Avatar group photography

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Stuff to do: Rough stuff! Gotta let mah notes gel...

Want to photograph or film multiple avatars but don't have friends to help you out? Here's how.

Setting up multiple accounts

First, you'll need to have multiple accounts to login. You can create more accounts at the secondlife.com join page, within reason. It helps to name your accounts sequentially (for example, Mach1, Mach2, Mach3, etc.) because it's easier to remember.

Starting multiple SL Viewer instances

Then, you'll need to enable multiple instances of the Viewer to run.

Using multiple computers

The SL Viewer is rather resource-intensive. Even a powerful desktop computer will slow down noticeably if you're running 3 or 4 instances. If this proves too slow for a single machine and you have access to technology, consider using more than one computer to run multiple SL Viewers and distribute the workload. If you're intent on scaling this for an effective workflow, Torley suggests:

  • Especially if space is limited, get multiple, energy-efficient, small-footprint computers like laptops that you can stack.
  • Get a KVM so you can share a single monitor, keyboard, and mouse among them. Otherwise, you may very well go nuts running back and forth amongst redundant hardware.
    • Torley recently started using the Belkin SOHO F1DD104L. It's color-coded and has big buttons. Torley found it useful to change each computer's desktop wallpaper to match its assigned KVM color. This way, he has a quick color cue to tell which machine he's on.
  • Setup one computer how you like it, then import settings to other computers so you save setup time. On Macs, Migration Assistant makes this easy.

More workflow tips

  • Restrict your fastest computer (the one doing the shooting/filming) to running only one instance of the SL Viewer so it has room to breathe and run other intensive stuff as you progress, like Photoshop or your video editor. This also enables SL to have the best focused performance without unnecessary degradation, especially if advanced graphical features like lighting and shadows are on.
  • Accounts logged in on other computers can have their graphics preferences set to Low to conserve power and improve performance when multiple SL Viewers are running. It also makes sense because they don't need to get the most detailed view of what's inworld — but your fastest computer always should.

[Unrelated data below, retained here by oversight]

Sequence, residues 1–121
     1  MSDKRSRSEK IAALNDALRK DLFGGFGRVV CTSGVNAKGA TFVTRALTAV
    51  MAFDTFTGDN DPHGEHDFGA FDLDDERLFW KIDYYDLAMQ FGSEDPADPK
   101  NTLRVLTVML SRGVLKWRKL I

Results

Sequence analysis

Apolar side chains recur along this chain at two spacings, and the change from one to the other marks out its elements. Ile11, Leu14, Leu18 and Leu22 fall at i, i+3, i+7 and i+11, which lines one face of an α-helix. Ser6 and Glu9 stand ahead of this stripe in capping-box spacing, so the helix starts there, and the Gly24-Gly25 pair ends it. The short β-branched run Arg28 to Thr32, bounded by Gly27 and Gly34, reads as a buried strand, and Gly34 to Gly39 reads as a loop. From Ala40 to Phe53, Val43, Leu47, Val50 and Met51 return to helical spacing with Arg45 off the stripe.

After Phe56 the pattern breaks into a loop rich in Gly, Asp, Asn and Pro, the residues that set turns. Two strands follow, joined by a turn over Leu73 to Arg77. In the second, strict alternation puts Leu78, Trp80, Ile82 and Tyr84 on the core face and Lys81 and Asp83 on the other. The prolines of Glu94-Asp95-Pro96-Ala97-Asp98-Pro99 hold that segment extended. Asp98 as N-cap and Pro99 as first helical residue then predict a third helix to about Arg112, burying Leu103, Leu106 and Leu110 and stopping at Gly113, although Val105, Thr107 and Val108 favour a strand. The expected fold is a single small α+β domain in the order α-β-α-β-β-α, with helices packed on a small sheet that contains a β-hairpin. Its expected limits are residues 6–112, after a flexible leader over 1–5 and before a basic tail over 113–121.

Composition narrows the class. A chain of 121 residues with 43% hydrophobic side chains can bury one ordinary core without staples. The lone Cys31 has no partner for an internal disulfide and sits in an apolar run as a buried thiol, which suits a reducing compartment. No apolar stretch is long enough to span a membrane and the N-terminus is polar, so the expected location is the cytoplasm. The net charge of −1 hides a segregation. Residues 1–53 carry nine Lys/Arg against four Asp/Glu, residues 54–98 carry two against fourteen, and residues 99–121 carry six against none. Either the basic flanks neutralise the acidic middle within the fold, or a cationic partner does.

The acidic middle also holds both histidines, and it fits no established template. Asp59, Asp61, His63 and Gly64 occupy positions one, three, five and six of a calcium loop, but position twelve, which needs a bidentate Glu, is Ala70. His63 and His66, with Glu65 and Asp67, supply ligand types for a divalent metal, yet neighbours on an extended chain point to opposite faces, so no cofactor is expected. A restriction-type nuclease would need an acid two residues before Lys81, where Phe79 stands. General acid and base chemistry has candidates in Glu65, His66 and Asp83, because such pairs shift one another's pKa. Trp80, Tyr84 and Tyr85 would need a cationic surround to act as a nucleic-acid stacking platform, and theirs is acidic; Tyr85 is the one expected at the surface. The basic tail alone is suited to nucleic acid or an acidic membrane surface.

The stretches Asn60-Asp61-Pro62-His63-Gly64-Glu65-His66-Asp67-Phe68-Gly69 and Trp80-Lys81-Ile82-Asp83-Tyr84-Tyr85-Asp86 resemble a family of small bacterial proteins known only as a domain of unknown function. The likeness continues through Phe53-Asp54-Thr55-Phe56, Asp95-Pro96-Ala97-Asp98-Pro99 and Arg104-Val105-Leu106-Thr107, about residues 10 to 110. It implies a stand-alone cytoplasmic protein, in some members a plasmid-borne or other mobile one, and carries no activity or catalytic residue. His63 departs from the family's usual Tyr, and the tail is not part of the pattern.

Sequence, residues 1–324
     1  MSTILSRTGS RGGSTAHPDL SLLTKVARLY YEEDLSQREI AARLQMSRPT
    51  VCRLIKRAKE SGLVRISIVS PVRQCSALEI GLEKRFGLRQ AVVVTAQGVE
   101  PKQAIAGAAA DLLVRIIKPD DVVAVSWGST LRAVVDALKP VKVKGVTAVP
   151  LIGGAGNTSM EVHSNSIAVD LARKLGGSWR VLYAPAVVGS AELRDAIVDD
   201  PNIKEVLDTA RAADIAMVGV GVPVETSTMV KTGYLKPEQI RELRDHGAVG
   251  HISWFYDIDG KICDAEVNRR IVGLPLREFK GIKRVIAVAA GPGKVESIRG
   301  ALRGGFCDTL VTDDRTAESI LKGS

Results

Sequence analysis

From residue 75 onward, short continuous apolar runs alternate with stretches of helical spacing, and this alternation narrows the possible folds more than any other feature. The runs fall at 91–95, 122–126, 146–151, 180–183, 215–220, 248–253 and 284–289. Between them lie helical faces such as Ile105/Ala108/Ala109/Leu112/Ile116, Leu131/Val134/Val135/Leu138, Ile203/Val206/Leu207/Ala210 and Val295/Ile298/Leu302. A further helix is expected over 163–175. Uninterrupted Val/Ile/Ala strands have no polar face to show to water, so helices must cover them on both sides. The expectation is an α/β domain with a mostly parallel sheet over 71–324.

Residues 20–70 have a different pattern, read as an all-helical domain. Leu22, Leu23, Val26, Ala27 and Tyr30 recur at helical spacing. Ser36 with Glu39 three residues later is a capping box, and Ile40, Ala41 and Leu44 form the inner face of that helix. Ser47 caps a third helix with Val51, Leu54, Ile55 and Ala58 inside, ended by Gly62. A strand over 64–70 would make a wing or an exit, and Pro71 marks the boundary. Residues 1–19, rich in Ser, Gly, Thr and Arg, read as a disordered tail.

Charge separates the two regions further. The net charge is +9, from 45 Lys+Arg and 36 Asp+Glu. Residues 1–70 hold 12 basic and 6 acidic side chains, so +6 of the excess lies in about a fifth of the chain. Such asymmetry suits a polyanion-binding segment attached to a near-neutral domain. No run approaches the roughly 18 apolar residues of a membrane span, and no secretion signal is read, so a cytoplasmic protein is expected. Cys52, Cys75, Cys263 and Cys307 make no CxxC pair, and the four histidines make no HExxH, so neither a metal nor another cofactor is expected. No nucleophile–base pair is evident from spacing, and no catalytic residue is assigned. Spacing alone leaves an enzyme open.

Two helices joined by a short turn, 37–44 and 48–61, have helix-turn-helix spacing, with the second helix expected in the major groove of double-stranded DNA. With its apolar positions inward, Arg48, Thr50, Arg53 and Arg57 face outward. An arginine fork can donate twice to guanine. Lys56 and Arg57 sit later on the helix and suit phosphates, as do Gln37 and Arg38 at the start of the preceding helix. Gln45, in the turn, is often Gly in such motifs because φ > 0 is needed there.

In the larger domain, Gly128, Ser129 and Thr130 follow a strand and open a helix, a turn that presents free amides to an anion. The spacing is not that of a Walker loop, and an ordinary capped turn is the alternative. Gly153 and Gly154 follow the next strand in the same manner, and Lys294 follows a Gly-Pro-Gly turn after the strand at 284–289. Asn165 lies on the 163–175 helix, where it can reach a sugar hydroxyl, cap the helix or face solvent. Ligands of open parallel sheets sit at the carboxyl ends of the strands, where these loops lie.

• For "neutral" lighting, Torley prefers the following WindLight settings which are included in the Phoenix Viewer, among many other cool settings, including [[WindLight settings|Torley's own].
    • Nam's Optimal Skin 2
    • Nam's Optimal Skin and Prim (for when "Skin 2" is too light and washes out prim details)
  • If you're having problems taking stills because avatars keep blinking or moving in unpredictable ways (yet poseballs don't solve the problem), use FRAPS with Force lossless RGB capture (may be slower) enable. You'll likely want to hide the SL Viewer interface through the Advanced menu too.
    • Torley uses FRAPS for stills instead of the built-in snapshot tool, as he finds it to be less error-prone, and a lot more rapid in conjunction with his USB pedals — which free your hands up for moving the camera and such.
  • Instead of having other accounts rez things and edit objects, it's simpler for one account (likely the one logged into your fastest computer) to move objects like poseballs (with other avatars seated) whenever possible. This minimizes confusion.
  • Check to make sure your objects won't be autoreturned! It's a huge pain to precisely place stuff, only to be disrupted minutes later when it's sent back to your inventory.
  • Use a syncing service like Dropbox to make it easier to install the latest SL Viewer on all your computers, use the same settings.xml file, and so on.

Debug Settings

Move this to the main Taking snapshots page?

Certain debug settings help push visual quality even further than the Ultra graphics preference, with the tradeoff of reduced performance:

  • WLSkyDetail - Set this to 256 for smoother sky details, especially noticeable in the tessellation around the sun.
  • RenderVolumeLODFactor - If round and curved objects look blocky, set this to 8.000 or even higher. Note that this is buggy: some attachments like flexiprim hair may disappear, and the Viewer can crash. Torley tries to remember to set this back to 2.000 after.

See also